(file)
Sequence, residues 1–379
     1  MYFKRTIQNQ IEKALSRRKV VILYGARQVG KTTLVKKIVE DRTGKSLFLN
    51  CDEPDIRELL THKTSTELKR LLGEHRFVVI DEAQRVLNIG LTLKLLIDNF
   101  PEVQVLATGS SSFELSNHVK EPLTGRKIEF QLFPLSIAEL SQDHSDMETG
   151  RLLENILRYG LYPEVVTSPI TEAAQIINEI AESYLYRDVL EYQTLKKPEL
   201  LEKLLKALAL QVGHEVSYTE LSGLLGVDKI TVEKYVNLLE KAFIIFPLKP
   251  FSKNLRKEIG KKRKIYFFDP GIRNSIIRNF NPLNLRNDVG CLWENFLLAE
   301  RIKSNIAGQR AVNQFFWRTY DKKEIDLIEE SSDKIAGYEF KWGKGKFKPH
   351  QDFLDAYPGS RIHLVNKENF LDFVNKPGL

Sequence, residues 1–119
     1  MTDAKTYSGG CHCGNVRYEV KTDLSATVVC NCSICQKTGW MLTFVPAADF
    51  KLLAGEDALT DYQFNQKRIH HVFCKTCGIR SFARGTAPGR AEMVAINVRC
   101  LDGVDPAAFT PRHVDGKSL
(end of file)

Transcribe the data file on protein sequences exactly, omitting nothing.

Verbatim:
Sequence, residues 1–379
     1  MYFKRTIQNQ IEKALSRRKV VILYGARQVG KTTLVKKIVE DRTGKSLFLN
    51  CDEPDIRELL THKTSTELKR LLGEHRFVVI DEAQRVLNIG LTLKLLIDNF
   101  PEVQVLATGS SSFELSNHVK EPLTGRKIEF QLFPLSIAEL SQDHSDMETG
   151  RLLENILRYG LYPEVVTSPI TEAAQIINEI AESYLYRDVL EYQTLKKPEL
   201  LEKLLKALAL QVGHEVSYTE LSGLLGVDKI TVEKYVNLLE KAFIIFPLKP
   251  FSKNLRKEIG KKRKIYFFDP GIRNSIIRNF NPLNLRNDVG CLWENFLLAE
   301  RIKSNIAGQR AVNQFFWRTY DKKEIDLIEE SSDKIAGYEF KWGKGKFKPH
   351  QDFLDAYPGS RIHLVNKENF LDFVNKPGL

Sequence, residues 1–119
     1  MTDAKTYSGG CHCGNVRYEV KTDLSATVVC NCSICQKTGW MLTFVPAADF
    51  KLLAGEDALT DYQFNQKRIH HVFCKTCGIR SFARGTAPGR AEMVAINVRC
   101  LDGVDPAAFT PRHVDGKSL